Saturday, May 09, 2009

Carved Indian statue at welcome rest area, I80, PA

I'm on the road, en route to get my daughter from end-of-year at college. Yesterday, I entered Pennsylvania and stopped at the 'Welcome' rest area on Interstate 80. There is a tall, carved wood statue there, of an Indian head. The plaque at the base of the statue says:

"Dedicated to the American Indians (Seneca)
...But they won't be forgotten,
But will be remembered in our minds
And in our hearts.
Love is life."

It is signed "Peter Toth, June 30th, 1973."

I recall that Toth is trying to put one of these in every state. I don't have time to do research on him or this work right now, but I am curious. Seneca, he says, who will be remembered, because they are.... what? What does Toth think? What do his words suggest to you?

Teachers! Before school is out for the summer, ask students to pay attention to these sorts of statues if they come across them. Of, if there's one near you, study the statue, dedication.

Just in case you're wondering, the Seneca people are alive and well.


Elizabeth Sky-McIlvain said...

I have just had an email conversation with Down East Magazine about using the past tense in a current article about the Wabanaki (in Maine). The editor doesn't get it. I sent him to you.

jpm said...

Maybe Toth's own memory and vision problems come into play. He supposedly does enough research to create a "composite" of Native faces, but the sculpted faces look like nobody anyone's ever actually seen except in one of those carnival mirrors. A visit the optometrist is in order. Plus, by the time he's ready to write each of the poems, it seems he has forgotten that he actually met living people while collecting images for his composite, so he writes the poems as if Indians are gone. Maybe some megavitamins would help with that memory loss.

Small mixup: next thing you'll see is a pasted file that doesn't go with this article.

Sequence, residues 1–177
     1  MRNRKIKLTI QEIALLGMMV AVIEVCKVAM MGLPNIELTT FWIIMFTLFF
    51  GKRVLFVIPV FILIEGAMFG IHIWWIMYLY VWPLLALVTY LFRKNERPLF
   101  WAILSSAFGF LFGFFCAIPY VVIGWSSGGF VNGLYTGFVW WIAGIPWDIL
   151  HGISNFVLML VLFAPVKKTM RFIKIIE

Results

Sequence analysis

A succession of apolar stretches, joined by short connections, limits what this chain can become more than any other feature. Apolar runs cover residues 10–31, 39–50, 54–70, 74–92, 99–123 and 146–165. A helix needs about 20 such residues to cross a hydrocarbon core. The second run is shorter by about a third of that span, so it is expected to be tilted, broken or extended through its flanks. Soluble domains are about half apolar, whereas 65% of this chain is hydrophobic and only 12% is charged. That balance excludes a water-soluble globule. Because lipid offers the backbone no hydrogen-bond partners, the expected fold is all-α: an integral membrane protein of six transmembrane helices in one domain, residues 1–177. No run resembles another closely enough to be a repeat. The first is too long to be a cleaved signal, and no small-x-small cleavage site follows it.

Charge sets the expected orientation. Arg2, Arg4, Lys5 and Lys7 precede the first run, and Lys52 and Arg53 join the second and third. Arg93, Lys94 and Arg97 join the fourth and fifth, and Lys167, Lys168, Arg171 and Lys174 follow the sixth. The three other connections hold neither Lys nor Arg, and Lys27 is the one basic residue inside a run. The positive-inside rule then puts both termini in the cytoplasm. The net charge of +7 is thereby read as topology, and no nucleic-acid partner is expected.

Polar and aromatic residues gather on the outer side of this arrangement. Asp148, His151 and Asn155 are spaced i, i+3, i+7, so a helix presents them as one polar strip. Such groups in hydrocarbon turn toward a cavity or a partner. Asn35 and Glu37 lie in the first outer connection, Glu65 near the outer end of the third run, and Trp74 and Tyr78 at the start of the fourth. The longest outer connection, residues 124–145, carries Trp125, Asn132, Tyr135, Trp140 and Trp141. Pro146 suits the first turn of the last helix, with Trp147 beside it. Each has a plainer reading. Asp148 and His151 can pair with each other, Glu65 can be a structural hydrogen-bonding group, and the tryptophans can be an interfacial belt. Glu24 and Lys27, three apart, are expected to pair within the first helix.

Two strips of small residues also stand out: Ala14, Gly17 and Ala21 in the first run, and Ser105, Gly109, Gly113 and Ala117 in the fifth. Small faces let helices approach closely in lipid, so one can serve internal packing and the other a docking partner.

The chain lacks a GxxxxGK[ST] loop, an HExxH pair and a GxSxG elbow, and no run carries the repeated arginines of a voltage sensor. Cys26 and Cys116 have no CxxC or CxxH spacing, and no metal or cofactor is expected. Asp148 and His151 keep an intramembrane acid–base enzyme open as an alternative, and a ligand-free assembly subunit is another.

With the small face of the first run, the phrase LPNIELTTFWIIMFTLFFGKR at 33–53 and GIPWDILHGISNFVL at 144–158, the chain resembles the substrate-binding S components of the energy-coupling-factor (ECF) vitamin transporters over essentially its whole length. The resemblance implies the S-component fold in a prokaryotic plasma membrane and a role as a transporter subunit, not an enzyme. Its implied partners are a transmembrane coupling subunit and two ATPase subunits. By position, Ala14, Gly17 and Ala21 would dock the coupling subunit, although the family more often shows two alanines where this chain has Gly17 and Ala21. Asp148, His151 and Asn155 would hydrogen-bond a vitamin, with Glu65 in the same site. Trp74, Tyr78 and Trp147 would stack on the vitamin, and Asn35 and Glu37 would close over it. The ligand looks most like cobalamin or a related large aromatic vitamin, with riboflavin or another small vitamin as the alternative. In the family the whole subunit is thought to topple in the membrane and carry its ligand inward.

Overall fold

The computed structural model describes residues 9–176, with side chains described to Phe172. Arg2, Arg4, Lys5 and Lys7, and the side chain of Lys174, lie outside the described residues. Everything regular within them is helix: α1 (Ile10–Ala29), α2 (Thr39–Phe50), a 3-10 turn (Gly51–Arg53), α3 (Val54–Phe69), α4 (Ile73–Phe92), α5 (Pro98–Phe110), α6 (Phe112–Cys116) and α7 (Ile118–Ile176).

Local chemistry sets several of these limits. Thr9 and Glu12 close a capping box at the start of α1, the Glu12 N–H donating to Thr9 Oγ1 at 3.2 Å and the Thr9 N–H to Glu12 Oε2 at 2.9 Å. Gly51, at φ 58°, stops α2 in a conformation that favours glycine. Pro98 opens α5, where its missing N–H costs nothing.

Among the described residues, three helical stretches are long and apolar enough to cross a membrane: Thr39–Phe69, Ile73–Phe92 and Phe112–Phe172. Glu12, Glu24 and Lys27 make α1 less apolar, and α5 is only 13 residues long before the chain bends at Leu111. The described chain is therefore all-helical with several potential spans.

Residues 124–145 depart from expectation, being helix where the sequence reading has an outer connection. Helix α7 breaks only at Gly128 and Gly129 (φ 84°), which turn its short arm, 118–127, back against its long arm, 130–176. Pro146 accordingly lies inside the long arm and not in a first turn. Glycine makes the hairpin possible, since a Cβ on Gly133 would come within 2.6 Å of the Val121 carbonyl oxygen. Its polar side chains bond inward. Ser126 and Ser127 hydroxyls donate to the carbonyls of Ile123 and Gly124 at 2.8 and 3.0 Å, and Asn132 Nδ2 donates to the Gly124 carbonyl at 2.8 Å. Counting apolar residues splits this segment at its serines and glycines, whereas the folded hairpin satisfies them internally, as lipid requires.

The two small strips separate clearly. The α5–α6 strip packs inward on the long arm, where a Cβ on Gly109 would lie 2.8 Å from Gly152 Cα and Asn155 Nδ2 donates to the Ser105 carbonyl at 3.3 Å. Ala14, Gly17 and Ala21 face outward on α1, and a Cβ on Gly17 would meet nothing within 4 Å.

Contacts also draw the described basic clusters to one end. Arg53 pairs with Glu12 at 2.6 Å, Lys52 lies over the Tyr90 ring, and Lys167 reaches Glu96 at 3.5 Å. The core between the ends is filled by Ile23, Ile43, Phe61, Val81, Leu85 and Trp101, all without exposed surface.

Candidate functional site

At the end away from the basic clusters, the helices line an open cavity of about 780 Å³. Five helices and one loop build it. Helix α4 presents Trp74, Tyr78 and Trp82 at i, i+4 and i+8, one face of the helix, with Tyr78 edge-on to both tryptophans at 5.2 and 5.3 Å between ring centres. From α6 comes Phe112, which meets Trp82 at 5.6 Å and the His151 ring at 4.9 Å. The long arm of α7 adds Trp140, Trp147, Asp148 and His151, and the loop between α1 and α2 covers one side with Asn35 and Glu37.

Seriously, after looking at some of the other images on the web, i'm wondering why more communities don't "just say no" to allowing Toth to exhibit his kitsch, er, stuff.

Jodie said...

Thank you for your very helpful blog. Do you ever have workshops in IL? We were just at the Cherokee Ancient Village in OK and the guide mentioned that democracy was modeled after tribal governments not Greek and Roman governments as we had been taught in the past. Do you have any good references for more research on this subject? Thanks

Carys said...

The impression I get from the inscription is that the Seneca people are some sort of artifact of the past - no longer with us, and in need of being 'remembered'. I'm glad that now I can read something like this and SEE that bias. I know that for me that wasn't always the case. Last night I was watching the "We Shall Remain" episode about Wounded Knee. In 1973 I was in early grade school - and while I was really young, I have absolutely no recollection of this event. To be fair, the only thing I remember about Watergate is listening to Nixon's resignation speech in the car while we were on vacation - but at least Watergate was something discussed in the classroom in later years. What I do remember about the early 1970's is that at that time I had a little book that I got on a flight on one of the airlines (back in the day!). It was about the life of a Dakota boy. There was probably a lot of good information in that book - in particular I recall that it talked about the fact that the Dakota didn't call themselves Sioux- but there was probably a lot that was wrong. I wish I still had this book because I want to see how it reads now. I remember reading that book and thinking there would be nothing more wonderful than to BE an Indian "back in the day". I read that book over and over so that even to this day there are certain pages I can still see in my head. But there was a fatal flaw. The book made absolutely NO mention of the fact that there were in fact Dakota people alive and well in the present time. How could I have thought that when the events at Wounded Knee were front and center in the news? Then again - how could an inscription like this not raise questions and ire?

Kynn said...

How does it read? Like a gravestone.